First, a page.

Storm in a can? Coke fights cancer claims
Posted Monday, July 16 2012 at 01:00
- If the US Food and Drug Administration applied its standards globally, a bottle of Coca-Cola would contain under three micrograms of 4-MEI, a substance that tends to cause cancer when ingested excessively, and is produced when starch is heated to acquire a pleasant brown colour. The drinks marketed in California are close to meeting that standard, but those in most other countries, even allowing for lower consumption in most of them, greatly exceed this level. Some researchers say these are double standards, but Coca-Cola disagrees and says its products are safe for consumption
The safety of Coca-Cola products came under scrutiny late last month after USA’s Centre for Science in Public Interest (CSPI) released a report claiming new laboratory tests had shown very high levels of 4 methyl imidazole (4-MEI), a potentially cancer-causing chemical, in the company’s soft drinks.
With its over 86-year-old chemical formula still a secret, questions emerged over the safety of its products, especially in the Third World, where Coca-Cola the company has a significantly strong consumer base in more than 200 countries.
Local Coca-Cola representatives, however, dismissed the report, saying it was full of misrepresentations of fact terming it “irresponsible and malicious”.
CSPI had reported that it had tested samples of the famous Coke brand, including that sold in Kenya, and found out that the product contained large amounts of 4-MEI, also abbreviated as 4-MI, and which has been linked to cancer in animals.
The research, done in nine countries, indicated that the amounts of the 4-MEI in Coke varied from country to country. Kenya was among countries listed as having the highest levels of 4-MEI in Coca-Cola products in local circulation.
Samples tested in California showed that the Coke sold there had four microgrammes of the chemical, Brazil had 267 microgrammes while samples in Kenya had 177 microgrammes.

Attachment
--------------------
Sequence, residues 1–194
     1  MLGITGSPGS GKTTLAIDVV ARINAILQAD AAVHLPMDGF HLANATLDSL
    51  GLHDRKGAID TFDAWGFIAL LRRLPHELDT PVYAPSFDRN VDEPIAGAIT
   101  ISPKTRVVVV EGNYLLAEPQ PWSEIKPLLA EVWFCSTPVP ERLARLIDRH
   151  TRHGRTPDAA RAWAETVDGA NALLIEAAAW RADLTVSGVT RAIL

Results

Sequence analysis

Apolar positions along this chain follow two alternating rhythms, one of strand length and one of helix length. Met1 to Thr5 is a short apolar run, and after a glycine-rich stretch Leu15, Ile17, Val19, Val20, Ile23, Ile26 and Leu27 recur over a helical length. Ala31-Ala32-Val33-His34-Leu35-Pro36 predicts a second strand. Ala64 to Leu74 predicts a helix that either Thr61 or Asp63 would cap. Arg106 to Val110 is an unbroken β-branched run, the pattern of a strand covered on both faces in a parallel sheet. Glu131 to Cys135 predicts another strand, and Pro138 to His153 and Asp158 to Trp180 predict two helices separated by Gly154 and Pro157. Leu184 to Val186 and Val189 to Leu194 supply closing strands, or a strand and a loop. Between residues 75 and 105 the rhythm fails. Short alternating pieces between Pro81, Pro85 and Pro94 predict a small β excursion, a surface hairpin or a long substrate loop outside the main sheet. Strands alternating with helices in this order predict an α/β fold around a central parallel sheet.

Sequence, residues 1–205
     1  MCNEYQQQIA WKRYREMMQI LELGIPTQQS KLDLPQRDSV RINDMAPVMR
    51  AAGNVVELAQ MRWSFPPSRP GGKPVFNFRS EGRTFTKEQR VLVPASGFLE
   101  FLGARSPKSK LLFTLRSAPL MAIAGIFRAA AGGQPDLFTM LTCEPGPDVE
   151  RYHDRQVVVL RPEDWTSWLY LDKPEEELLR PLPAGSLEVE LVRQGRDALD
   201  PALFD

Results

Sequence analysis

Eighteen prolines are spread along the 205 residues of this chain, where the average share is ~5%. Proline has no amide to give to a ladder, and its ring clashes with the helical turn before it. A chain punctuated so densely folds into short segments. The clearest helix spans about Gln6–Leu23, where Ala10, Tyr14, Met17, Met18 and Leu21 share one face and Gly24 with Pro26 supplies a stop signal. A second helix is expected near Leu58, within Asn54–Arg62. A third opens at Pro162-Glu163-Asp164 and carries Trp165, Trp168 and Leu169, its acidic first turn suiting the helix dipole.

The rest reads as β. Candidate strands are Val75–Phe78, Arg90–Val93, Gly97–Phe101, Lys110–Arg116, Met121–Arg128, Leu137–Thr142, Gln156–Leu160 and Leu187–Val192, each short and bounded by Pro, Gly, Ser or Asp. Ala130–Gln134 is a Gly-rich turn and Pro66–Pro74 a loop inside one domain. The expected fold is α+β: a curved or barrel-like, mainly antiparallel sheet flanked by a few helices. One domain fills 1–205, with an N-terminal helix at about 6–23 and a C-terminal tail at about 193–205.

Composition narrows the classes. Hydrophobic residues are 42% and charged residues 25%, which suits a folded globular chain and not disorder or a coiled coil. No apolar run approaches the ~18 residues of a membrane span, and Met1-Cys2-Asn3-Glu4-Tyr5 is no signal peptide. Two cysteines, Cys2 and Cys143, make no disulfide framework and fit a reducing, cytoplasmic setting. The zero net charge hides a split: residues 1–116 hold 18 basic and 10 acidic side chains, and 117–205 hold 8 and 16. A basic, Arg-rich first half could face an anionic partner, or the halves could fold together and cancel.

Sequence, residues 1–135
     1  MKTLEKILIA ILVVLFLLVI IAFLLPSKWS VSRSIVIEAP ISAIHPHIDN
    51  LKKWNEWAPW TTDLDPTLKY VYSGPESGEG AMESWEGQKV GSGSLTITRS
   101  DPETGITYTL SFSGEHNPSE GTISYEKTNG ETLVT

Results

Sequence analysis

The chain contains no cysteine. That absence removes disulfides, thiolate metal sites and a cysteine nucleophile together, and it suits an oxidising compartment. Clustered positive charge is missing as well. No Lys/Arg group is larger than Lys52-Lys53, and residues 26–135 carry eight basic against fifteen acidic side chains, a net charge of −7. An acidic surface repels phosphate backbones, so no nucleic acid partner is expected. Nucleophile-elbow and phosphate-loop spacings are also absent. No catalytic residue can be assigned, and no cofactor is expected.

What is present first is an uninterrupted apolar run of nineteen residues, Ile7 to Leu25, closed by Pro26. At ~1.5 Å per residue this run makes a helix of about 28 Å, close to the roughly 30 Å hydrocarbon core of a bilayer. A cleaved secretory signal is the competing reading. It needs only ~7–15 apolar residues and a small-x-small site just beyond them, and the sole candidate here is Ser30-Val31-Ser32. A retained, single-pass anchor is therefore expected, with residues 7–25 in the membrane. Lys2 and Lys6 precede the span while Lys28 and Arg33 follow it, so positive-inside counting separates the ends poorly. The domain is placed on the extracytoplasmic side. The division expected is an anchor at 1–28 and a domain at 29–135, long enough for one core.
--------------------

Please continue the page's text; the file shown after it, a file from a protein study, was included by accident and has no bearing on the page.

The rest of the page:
“Fortunately, people in China, Japan, Kenya, and some other countries drink much less soda than Americans do, so their exposure to this dangerous chemical is proportionately lower,” said CSPI executive director Michael F Jacobson.
“But now that we know it’s possible to almost totally eliminate this carcinogen from colas, there’s no excuse for Coca-Cola and other companies not to do so worldwide.”
However, Dr Gladwell Kiarie, a specialist in cancer working for the Department of Clinical Medicine and Therapeutics at the University of Nairobi, told DN2 last week that there is really no evidence that 4-MEI is harmful to humans if used in small amounts, in food and drinks.
“Animal studies indicate there is a risk of convulsions or seizures,” Dr Kiarie said. “The carcinogenic studies of 4-MEI were confusing because it was protective against cancer in rats but increased the risk in mice. These animals were given massive doses. The amounts in beverages are usually controlled and much less.”
Dr Kiarie added that she was not aware of any type of cancer that could be caused mainly by 4-MEI, and insisted on the need for more research.
The US Food and Drug Administration restricts carcinogenic contaminants in food to amounts that would not cause more than one cancer per million people.
If the FDA applied its standard, a Coke would have to have under 3 mcg of 4-MI. The Coca-Cola marketed in California is close to meeting that standard, but Cokes in most other countries, even allowing for lower consumption in most countries, greatly exceed that standard.
But Peter Njonjo, the Coca- Cola General Manager for East Africa, explained that the varied composition of the caramel “is because it is sourced from different geographical locations across the world”.
“We adhere to the highest Kenyan and international standards on safety of all our products and their ingredients,” Njonjo explained.
“All our bottling partners in East Africa obtain their product concentrate from Swaziland, which also provides concentrate for the manufacture of our products in Australia and New Zealand,” added Norah Odwesso, the Coca-Cola Central East and West Africa Business Unit Public Affairs and Communications Director
Njonjo and Odwesso, however, knew they were not just defending the interests of the company in Kenya, but also globally.
Coca-Cola is not new to controversial reports.
In 2010, the company was accused of having violated FDA regulations by making health claims about one of their products, Vitaminwater (sold in the US), even though it did not meet required minimum nutritional thresholds.